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I'm currently struggling with a simple task: Given a mouse position on the screen, calculate the new position which is determined by calculating the intersection of the camera plane that goes through the selected object and the ray of the mouse click.

The math involved is not that tricky but still I can't seem to find the error.

        QVector3D cameraPosition = Rotation.rotatedVector(translation);
        QVector3D cameraDirection = Dir;
        QVector3D objectPosition = objectTranslation;
        QVector3D up = Rotation.rotatedVector(QVector3D(0,1,0));
        QVector3D Right = QVector3D::crossProduct(Dir, up);

As you can see, I'm using Qt to represent my data. First of all, I rotate my translation Vector by the Camera Rotation to obtain the cameraPosition. Otherwise I won't get the cameraPosition in Worldcoordinates. After that I calculate the Up and Right Vector. In order to calculate the ray-plane intersection I'm using this as a reference: Intersection

Afterwords I normalize the screen coordiantes

        float screen_x = 2*(float(pos.x())/width()-0.5);
        float screen_y = 2*((float(height()-1-pos.y())/height())-0.5);
        screen_x*= (1.0f/height())/(1.0f/width());

Finally, the actual computation:

        QVector3D P0 = cameraPosition;
        QVector3D n = cameraDirection;
        QVector3D V0 = objectPosition;
        QVector3D u = (screen_x*Right+screen_y*up)*0.5+cameraDirection;
        float s = QVector3D::dotProduct(n, V0-P0) / QVector3D::dotProduct(n, u);
        objectTranslation = P0+s*u;

I guess the problem lies withing the calculation of u or something beyond me. I get the Direction of the camera by evaluation the ModelView Transformation matrix and taking out the third row:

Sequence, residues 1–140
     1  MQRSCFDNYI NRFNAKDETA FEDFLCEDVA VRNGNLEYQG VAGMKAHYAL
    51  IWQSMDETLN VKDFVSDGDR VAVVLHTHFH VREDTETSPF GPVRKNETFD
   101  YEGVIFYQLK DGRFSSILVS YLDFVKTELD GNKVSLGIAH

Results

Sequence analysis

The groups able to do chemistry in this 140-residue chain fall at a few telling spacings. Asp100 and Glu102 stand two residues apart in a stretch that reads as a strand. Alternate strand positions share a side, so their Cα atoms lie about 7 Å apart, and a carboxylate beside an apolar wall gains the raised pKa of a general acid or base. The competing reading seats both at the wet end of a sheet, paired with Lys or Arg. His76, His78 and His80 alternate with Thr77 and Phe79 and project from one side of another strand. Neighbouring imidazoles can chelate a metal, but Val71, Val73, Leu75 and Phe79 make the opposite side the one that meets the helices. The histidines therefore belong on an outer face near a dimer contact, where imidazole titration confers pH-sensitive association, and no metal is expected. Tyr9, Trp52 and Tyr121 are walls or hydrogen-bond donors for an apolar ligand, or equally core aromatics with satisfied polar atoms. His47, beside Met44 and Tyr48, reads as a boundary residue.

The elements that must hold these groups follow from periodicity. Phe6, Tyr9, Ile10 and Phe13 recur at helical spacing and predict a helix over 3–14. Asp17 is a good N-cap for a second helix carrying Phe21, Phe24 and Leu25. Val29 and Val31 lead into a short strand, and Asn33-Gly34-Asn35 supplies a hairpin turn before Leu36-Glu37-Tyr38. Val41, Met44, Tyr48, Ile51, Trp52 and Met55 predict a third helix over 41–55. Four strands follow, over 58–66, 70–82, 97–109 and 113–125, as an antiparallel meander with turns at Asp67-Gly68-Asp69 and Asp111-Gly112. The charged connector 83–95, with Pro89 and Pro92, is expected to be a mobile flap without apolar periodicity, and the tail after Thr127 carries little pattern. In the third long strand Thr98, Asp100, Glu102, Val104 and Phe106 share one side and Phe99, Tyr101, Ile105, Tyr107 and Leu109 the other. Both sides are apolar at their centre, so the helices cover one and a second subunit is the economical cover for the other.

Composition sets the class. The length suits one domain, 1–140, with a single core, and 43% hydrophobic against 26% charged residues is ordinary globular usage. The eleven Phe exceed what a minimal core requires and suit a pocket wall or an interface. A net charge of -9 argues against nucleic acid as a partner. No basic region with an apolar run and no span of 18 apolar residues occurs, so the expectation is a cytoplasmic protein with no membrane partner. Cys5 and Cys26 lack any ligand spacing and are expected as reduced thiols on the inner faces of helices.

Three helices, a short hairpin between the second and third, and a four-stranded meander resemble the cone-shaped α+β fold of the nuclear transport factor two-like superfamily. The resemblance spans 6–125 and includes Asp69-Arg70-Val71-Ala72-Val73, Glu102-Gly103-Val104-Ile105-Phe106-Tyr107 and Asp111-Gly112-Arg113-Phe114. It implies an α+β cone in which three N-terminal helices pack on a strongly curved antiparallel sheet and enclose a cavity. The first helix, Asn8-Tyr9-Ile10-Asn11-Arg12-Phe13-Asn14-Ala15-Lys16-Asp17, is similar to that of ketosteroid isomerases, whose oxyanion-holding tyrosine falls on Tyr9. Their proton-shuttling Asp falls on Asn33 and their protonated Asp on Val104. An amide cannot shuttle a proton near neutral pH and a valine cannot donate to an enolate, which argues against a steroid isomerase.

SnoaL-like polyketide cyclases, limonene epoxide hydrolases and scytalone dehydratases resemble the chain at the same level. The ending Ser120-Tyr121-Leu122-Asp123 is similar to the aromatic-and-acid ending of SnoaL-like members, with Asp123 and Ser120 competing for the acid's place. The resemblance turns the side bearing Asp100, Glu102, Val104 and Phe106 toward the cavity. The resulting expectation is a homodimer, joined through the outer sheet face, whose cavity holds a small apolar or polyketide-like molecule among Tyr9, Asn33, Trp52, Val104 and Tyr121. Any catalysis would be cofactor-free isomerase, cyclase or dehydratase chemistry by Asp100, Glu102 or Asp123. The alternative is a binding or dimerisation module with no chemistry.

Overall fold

GLdouble modelview[16];
glGetDoublev( GL_MODELVIEW_MATRIX, modelview );
QMatrix4x4 mv = QMatrix4x4(modelview);
Dir = QVector3D(mv.row(2).x(), mv.row(2).y(), mv.row(2).z()).normalized();
share|improve this question
You do not take the projection matrix into account. When using an orthographic projection, you can get away with just some scaling, but if you use a perspective projection, it's not going to work that way. In any case, you could just use the inverse of the projection matrix to project your screen space point (after converting it to normalized device coordinates) back to eye space. – derhass Nov 11 '12 at 17:35
@derhass: I'm not sure why I need the projection matrix at all. I have everything I need to calculate the projected point. The only thing that I seem not to calculate correctly is the Up and Right Vector. Everything else should be there. Also, when projecting a point into 3D space, you get a line, so there has to be some kind of projection going on, I don't see how this can be achieved by multiplying with the inverse of the projection matrix. I will give it a try with the method you described. – anopheles Nov 11 '12 at 19:47
Okay, I now have the point in eye coordinates aka QVector3D eyePoint = invProj * QVector3D(screen_x, screen_y, 0); What now? How can I reuse the above code? Am I right that I have to add the cameraPosition to the eyePoint in Order to get the world coordinates of the point? – anopheles Nov 11 '12 at 22:38

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